Baseline standards for BYOD access requirements
49% of enterprises across Europe currently have no formal Bring-Your-Own-Device (BYOD) policy in place, meaning they have no visibility into or control over if and how employees are connecting personal devices to corporate resources, according to a Jamf survey.
With the summer holiday season in full swing, organizations will likely see an increase in remote logins from personal devices to corporate resources.
Control and access challenges in BYOD policies
With no control over who can access what information, from where, when, and, more importantly, how, establishing and enforcing a BYOD policy it is still a challenge for many organizations. This is leaving them open to risks ranging from data leakage or theft, out-of-date or vulnerable software, risky content, shadow IT, and even physical loss of the device; all of which put the company and its critical data at risk.
Researchers have found:
- 43% of respondents felt they are up against more compliance-based security concerns this year versus last year.
- 53% of organizations are either actively cutting IT/security costs or looking into it.
- 67% of organizations use between one and five vendors for management and security across all device types.
- 57% of organizations have separate teams that manage devices versus securing them.
Exacerbating the challenge of managing devices is the fast-evolving threat landscape that organizations are facing, with 41% of respondents concerned about the growing number of vulnerabilities in Apple operating systems and the volume of patches that must be applied across both devices and applications.
Michael Covington, VP of Portfolio Strategy at Jamf, comments: “While it is easy to get swept up in the positives surrounding ‘anywhere work’ programs that empower employees to work remotely on their own schedule, from any location and from any device, organizations need to examine the associated risks and decide how to manage them.”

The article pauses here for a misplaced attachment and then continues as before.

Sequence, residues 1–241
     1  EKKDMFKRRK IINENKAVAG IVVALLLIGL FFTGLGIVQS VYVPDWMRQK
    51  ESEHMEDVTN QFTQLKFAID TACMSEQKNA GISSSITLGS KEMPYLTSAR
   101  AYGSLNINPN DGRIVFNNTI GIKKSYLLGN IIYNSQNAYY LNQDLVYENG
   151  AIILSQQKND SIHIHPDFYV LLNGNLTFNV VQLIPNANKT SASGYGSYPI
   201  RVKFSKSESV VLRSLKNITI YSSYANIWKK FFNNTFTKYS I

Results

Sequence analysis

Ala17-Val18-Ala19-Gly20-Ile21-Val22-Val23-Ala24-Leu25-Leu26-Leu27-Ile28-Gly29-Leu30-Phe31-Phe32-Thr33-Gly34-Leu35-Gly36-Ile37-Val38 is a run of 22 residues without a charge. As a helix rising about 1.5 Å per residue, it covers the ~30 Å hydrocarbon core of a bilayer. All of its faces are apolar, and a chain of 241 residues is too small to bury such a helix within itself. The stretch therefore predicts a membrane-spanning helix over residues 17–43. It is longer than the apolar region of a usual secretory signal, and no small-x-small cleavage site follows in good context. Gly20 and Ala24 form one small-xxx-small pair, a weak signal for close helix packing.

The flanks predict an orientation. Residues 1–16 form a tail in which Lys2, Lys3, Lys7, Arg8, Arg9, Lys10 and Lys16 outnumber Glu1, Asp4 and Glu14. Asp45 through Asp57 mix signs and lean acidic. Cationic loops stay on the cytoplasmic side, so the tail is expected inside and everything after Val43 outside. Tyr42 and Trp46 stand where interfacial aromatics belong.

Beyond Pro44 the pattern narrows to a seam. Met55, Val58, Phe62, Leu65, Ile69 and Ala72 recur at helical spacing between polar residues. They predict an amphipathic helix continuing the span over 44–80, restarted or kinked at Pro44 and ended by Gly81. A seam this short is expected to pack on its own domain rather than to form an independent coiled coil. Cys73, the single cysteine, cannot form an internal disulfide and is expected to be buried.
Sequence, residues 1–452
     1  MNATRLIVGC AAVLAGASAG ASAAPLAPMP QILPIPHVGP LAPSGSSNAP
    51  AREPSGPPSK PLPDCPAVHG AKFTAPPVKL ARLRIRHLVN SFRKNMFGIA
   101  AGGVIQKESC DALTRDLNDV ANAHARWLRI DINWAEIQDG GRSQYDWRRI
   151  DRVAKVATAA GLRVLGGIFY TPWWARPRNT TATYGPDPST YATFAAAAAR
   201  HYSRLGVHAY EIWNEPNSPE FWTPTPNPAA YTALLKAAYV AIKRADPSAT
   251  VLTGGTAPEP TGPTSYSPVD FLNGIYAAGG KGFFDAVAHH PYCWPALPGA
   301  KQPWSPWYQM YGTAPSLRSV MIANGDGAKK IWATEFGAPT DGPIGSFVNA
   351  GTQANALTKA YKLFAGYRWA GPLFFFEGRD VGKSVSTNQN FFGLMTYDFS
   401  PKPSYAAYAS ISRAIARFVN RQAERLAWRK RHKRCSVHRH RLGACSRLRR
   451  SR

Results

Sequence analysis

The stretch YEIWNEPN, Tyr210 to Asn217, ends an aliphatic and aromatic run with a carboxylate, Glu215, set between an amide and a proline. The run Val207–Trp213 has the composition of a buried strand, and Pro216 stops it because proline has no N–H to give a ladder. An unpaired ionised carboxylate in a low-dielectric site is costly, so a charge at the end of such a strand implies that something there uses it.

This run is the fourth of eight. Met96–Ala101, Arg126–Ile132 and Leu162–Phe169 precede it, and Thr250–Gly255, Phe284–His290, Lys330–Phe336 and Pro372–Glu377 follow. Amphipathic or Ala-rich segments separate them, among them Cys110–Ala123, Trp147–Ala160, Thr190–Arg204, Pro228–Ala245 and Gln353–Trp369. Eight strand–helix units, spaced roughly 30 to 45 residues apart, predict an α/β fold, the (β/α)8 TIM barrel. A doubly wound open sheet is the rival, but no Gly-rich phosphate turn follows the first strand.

“Giving employees the power of choice to use their own devices for work can save the organization money, but the real benefit is a seamless end user experience that eliminates the need for multiple devices and introduces streamlined productivity workflows. It’s important to have a clearly documented BYOD policy in place to take advantage of these benefits, but the good news is that the technologies are now available to effectively manage risk in these environments.”
Tips for organizations considering a BYOD policy
Getting employees enrolled in a BYOD or Mobile Device Management (MDM) program is a process – think about how you manage this and communicate the benefits to employees. Some may have concerns around privacy so be clear in how data will be handled, how you will be installing applications and security protocols onto their devices or if there will be a figurative partition that separates work-related apps from the personal side of their device.
Users can be part of the security solution – ensuring basic management controls and cyber hygiene, it is important that employees using their own devices understand the importance of actioning operating system and application updates when prompted.
Lay out clearly in the BYOD policy what the baseline standards for any devices connected to the corporate network is – only if the device and user meet and maintain these standards, then they are allowed access to sensitive business data.